AEB Aggregate error bias
CaMa-Flood Catchment-based Macro-scale Floodplain
CCI Climate Change Initiative
CIMA-UNEP CIMA Research Foundation – United Nations Environmental Programme
CONUS Conterminous United States
CSI Critical success index
CW-WTD Composite wetland–water table depth
DEM Digital elevation model
EB Error bias
ECMWF European Centre for Medium-Range Weather Forecasts
EPA Environmental Protection Agency
ESA European Space Agency
FA False alarm
FEMA Federal Emergency Management Agency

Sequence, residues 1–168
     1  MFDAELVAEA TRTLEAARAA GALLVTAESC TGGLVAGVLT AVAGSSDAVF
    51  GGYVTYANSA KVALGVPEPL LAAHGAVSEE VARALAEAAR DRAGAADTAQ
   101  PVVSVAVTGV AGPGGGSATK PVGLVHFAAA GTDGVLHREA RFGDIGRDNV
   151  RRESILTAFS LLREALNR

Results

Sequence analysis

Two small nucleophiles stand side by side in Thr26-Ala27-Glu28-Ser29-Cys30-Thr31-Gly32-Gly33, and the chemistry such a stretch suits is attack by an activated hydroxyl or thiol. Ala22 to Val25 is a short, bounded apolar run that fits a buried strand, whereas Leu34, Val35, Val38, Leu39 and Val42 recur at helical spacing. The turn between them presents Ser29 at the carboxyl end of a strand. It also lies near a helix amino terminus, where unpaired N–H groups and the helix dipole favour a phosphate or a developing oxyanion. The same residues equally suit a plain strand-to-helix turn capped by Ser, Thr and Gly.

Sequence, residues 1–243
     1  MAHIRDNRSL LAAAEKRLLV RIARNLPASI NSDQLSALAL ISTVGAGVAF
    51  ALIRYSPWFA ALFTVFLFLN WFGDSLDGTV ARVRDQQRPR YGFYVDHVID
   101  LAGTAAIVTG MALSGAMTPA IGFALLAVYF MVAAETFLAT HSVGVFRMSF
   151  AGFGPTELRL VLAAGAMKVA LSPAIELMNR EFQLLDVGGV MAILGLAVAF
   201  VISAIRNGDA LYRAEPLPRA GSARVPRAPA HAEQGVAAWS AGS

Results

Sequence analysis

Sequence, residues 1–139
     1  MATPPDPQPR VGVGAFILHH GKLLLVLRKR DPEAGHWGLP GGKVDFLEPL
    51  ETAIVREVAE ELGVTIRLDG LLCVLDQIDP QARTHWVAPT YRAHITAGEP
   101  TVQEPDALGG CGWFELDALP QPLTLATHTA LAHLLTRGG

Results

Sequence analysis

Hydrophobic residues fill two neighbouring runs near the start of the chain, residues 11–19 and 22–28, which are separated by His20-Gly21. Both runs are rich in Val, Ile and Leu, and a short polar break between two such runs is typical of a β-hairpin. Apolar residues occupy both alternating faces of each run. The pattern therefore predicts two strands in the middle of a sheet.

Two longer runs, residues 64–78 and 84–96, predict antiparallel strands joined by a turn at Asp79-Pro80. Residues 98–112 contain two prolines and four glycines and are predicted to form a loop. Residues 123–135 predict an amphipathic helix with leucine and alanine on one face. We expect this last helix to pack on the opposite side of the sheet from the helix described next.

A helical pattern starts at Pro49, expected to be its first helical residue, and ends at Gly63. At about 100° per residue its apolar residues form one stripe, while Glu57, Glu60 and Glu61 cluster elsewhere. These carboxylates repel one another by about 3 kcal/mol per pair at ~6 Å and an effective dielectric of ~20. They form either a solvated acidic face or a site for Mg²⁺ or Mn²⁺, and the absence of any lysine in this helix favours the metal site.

GDW Groundwater-driven wetlands
GFPlain Global Floodplain
GIEMS-D15 Global Inundation Extent from Multi-Satellites – Downscaled 15 arcseconds
GIS Geographic information system
GLOFRIS Global Flood Risk with Image Scenarios
GLWD Global Lakes and Wetlands Database
GNFW Global Non-floodplain wetlands
GSW Global surface water
GW Global wetlands
H Hit rate
HUC Hydrologic unit code
IPCC Intergovernmental Panel on Climate Change
JRC Joint Research Center
Lidar Light detection and ranging
MAE Mean absolute error
MERIT Multi-Error Removed Improved Terrain
ML Machine learning
NFW Non-floodplain wetland
NLCD National Land Cover Database
P Precision
RFW Regularly flooded wetland
SAR Synthetic-aperture radar
USGS United States Geological Survey
UTM Universal Transverse Mercator
WTD Water table depth
Appendix B: Supplemental tables and figures

Table B1Emerging global land cover datasets related to surface water and wetlands.